I’ve recently received my review sample of Furutech’s new GT2 audiophile-grade USB cable, and have begun trying them out with various USB DAC (or USB DAC-equipped) components that I have on hand. The question on my mind, and perhaps yours too, is whether high-end USB cables actually make positive differences in the sounds we hear from our USB DACs—and, if so, what kinds of differences? Before I tackle that question, though, a bit of background is in order.
Furutech’s GT2 USB cables feature silver-plated conductors made of cryogenically treated, high-purity, OCC-process (Ohno Continuous Casting) copper, with insulators made of a “special-grade, high-density polyethylene.” According to Furutech, the cables feature “3-layer shield construction for improved noise isolation.” Topping things off, Furutech provides its own very high-quality 24k gold-plated USB connectors.
The GT2 models feature USB 2.0 connectors, while an even more ambitious cable, the GT3, has also been released to address upcoming USB 3.0 applications.
What Kinds of USB Problems Are We Trying To Solve?
My opinion: At first listen, digital audio delivered via USB sounds pretty promising. Unlike some of my colleagues at The Absolute Sound, I found that USB offers very good timing and rhythmic definition, and very stable imaging through the midrange. However, one area where I did notice significant problems involved transient information—especially on hard, sharp transients—in the upper midrange and treble regions. I found that USB could handle sustained upper midrange and treble information reasonably well, but that on transients the sound tended to become overly hard, edgy, and in some cases splashy and diffuse—basically undermining the sense of effortless clarity I was hoping for. In the process, a certain amount of very delicate, high harmonic information also tended to get lost through USB.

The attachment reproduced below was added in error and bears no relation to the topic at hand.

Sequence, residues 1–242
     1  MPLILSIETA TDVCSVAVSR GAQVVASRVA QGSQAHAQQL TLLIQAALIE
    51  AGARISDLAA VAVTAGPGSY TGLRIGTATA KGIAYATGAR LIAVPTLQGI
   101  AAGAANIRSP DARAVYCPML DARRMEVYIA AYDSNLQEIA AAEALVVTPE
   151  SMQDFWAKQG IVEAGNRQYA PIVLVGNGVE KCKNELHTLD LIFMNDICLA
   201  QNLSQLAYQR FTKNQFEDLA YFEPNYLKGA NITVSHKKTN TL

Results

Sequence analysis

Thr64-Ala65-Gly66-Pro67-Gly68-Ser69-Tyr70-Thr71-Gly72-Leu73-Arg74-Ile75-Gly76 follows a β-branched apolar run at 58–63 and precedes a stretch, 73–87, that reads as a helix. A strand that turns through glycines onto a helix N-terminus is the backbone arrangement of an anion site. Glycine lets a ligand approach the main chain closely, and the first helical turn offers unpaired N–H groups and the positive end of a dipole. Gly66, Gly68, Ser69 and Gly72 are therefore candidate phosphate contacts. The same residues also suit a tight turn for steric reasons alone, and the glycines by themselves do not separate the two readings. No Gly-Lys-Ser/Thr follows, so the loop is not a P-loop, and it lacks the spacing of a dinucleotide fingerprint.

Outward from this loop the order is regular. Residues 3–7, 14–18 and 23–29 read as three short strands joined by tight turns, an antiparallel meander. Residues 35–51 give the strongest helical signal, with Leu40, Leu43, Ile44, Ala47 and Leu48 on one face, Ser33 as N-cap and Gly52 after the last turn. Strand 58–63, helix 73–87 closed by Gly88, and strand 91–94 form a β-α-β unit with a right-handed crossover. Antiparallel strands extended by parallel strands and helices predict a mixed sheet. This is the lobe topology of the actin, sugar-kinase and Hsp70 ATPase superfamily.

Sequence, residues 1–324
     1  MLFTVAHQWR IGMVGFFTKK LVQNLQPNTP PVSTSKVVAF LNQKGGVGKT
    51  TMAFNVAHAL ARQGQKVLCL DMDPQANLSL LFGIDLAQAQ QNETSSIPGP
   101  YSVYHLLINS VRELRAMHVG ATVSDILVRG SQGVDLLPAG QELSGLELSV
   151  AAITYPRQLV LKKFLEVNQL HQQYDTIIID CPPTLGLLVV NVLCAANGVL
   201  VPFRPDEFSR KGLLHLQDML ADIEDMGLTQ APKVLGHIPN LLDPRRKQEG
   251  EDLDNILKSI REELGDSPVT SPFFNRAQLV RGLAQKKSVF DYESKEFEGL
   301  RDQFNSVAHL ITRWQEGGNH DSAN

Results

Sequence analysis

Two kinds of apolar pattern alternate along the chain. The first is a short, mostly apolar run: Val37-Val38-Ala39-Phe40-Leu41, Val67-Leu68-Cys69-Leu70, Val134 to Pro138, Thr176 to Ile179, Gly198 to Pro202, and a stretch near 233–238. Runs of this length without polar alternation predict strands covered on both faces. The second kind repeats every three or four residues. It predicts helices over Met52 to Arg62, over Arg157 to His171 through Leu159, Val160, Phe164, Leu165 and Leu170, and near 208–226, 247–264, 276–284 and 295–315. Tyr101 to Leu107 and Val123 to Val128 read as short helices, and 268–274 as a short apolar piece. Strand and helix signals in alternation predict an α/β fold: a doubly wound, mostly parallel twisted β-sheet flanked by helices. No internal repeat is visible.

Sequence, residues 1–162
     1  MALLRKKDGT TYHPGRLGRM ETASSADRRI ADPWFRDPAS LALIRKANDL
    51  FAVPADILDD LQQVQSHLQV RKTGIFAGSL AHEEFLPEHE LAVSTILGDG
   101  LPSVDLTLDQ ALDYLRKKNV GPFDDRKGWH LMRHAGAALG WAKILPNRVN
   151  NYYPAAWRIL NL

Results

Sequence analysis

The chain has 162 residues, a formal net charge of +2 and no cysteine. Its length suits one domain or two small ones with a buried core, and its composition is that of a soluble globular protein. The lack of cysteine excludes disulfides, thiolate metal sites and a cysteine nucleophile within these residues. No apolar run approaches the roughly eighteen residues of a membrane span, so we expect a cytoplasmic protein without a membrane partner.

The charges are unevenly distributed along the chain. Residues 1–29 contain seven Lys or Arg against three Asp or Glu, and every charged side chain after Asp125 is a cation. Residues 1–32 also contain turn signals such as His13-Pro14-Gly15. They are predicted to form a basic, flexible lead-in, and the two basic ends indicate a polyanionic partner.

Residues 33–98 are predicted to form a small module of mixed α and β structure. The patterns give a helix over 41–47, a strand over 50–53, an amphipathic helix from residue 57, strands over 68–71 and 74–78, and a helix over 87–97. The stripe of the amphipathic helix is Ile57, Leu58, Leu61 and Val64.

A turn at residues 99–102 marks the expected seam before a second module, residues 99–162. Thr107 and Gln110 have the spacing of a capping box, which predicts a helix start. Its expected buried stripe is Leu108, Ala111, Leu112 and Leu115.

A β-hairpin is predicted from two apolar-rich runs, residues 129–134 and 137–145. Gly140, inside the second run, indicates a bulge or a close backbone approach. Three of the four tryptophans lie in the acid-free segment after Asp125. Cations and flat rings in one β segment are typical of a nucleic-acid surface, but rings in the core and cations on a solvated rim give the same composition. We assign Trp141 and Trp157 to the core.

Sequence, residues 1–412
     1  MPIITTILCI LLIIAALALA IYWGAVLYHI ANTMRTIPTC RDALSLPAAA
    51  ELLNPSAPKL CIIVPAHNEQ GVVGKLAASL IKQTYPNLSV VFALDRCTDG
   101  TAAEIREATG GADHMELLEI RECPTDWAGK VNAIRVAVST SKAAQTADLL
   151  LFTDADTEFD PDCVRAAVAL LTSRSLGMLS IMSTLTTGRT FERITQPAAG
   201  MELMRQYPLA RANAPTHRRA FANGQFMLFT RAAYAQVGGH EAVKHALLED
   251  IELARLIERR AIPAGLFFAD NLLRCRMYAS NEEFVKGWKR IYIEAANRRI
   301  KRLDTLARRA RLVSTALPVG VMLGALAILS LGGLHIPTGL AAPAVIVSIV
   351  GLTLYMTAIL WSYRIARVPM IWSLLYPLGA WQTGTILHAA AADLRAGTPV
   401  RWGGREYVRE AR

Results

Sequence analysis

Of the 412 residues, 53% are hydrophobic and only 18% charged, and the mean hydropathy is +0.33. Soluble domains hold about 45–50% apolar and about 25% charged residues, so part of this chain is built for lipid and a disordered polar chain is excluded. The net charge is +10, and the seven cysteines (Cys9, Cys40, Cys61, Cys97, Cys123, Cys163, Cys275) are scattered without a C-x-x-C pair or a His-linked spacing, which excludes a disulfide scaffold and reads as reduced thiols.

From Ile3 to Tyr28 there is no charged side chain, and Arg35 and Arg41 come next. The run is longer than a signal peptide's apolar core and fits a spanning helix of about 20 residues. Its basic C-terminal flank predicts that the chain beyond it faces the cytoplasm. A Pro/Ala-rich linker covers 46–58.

And The Answer Is…
Given the observations I’ve outlined above, I wanted to find out what the impact, if any, of the Furutech GT2 cables would be. I’m pleased to report that they do make an audible difference—one that directly helps mitigate the problems I mentioned (though it does not necessarily eliminate them completely).
First, I found the GT2 help minimize background noise and hash—something you (or at least I) tend to perceive not so much as a “heightened sense of quietude,” but rather as “more low-level sonic information becoming discernible.”
Second, I found that the GT2s went right after those spitty, edgy, splashy upper midrange and treble transients that had been bothering me. While my initial listening tests lead me to think these cables, while very good, probably do not enable USB interface to sound as good as competing S/PDIF interfaces, though they certainly help narrow the gap considerably. But the key point is this: with a good USB cable in play, digital audio via USB can become a highly listenable and enjoyable alternative (even if can not yet claim—in an absolute sense—to scale true “state-of-the-art” heights).
I find these results very encouraging, since they suggest to me that USB has more performance potential that some have thought—potential that good USB cables such as the Furutech GT2 can help us tap in the here and now.
For more information, visit: www.furutech.com.